“They are for example very different before and after. I mean, before Harrisburg, it was highly improbable that what happened in Harrisburg would happen, but as soon as it had happened, it suddenly became so one hundred percent probable that it was almost certain that it had happened. But only almost certain. This is the strange part. It is as if they mean that what happened in Harrisburg was so incredibly unlikely so in reality it probably did not happen.”
All the Christian scriptures we know of and have references to are scriptures that we know of and have references to. Then there are those Christian scriptures which we do not know of and have no references to. They are probably in number exceeding those we know of. And then there are scriptures which we previously did not know of but have come to know of – for instance the Egerton Gospel. This does not mean that this Gospel fragment is an alleged forgery. As soon as we find a new text which we previously did not know of, then in Tage Daniellson’s words, it suddenly becomes so one hundred percent probable that it is almost certain that it has existed. But only almost certain.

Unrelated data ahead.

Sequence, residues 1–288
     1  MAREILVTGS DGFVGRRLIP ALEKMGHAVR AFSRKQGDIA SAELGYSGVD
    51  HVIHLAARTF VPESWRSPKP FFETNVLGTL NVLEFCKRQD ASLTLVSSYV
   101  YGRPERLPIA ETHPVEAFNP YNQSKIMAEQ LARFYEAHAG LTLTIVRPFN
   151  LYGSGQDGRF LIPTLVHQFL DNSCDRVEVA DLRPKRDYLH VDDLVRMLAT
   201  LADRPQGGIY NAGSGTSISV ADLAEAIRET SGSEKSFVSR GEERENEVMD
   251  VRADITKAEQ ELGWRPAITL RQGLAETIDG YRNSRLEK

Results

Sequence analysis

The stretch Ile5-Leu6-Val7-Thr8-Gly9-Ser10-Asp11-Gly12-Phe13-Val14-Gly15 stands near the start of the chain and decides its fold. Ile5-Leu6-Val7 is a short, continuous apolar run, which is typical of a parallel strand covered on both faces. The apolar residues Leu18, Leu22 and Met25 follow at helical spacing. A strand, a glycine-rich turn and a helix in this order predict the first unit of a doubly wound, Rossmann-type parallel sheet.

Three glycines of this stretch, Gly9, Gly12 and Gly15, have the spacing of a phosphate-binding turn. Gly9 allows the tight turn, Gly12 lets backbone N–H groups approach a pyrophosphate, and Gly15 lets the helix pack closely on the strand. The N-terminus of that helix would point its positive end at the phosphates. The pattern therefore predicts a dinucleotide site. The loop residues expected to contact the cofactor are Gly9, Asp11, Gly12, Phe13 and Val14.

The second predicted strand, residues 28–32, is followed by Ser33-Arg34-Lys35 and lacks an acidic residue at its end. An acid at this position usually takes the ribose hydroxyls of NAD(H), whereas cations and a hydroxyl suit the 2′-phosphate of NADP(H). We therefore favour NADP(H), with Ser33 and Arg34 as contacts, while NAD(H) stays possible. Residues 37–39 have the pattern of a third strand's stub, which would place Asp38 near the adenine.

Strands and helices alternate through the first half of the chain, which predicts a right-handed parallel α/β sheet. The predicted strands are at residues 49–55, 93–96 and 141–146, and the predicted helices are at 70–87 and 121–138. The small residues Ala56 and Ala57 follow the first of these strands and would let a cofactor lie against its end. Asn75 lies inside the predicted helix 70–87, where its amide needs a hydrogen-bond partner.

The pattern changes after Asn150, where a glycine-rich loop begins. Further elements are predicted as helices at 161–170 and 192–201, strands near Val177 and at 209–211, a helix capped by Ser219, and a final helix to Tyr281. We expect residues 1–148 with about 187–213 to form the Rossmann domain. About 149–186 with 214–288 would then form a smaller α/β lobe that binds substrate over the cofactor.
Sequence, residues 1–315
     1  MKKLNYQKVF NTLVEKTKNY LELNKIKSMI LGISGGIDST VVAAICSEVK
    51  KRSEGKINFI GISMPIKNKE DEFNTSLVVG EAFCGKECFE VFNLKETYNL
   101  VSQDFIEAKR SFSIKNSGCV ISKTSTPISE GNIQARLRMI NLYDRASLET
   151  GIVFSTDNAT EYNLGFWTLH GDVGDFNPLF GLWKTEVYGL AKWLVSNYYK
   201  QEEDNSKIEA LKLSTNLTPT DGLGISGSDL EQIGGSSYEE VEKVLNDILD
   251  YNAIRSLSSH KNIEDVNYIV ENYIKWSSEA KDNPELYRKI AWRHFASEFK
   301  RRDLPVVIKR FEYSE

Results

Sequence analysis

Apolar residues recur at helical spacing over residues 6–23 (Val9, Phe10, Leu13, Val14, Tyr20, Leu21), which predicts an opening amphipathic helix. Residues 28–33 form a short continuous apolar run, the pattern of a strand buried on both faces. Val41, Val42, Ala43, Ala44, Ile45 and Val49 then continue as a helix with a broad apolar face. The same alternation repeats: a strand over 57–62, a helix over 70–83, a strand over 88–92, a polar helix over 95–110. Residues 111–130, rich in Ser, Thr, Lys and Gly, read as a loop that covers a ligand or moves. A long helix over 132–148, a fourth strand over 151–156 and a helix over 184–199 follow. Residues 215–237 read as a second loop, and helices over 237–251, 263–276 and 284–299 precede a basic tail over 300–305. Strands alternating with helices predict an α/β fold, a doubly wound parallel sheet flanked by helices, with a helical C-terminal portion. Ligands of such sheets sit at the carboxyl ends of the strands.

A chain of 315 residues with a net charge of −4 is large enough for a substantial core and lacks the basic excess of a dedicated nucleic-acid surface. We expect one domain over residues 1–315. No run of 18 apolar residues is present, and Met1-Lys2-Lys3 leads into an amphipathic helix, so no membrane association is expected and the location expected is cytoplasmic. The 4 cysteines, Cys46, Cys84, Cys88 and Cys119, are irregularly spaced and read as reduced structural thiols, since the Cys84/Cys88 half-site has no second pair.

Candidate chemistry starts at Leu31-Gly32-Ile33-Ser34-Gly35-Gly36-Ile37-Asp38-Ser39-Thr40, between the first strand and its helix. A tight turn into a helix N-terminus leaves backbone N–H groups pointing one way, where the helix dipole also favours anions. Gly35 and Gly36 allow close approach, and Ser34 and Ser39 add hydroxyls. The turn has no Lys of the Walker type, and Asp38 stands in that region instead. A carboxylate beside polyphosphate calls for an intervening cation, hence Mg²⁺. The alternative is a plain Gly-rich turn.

- It is further curious that some scholars (e.g., Helmut Koester) take the purported excerpts of a “Secret Mark” as stemming from a version of Mark supposedly earlier than the familiar text. Analysis of the excepts [sic! excerpts] has convinced a number of scholars that it is a pastiche of phrases from Mark and John in particular. Also, the excerpts seem to depend upon and expand passages in Mark, especially the reference to the unidentified “young man” in Mark 14:51-52 where Jesus is arrested. The ancient copying/transmission of texts tended more to resolve difficulties rather than to create them, and to explain/expand narrative scenes, not so much to make them puzzling. So, on these bases, the purported excepts [sic! excerpts] of “Secret Mark” are (whether ancient or modern in origin) more likely secondary, not indicative of a version of Mark earlier than the familiar text.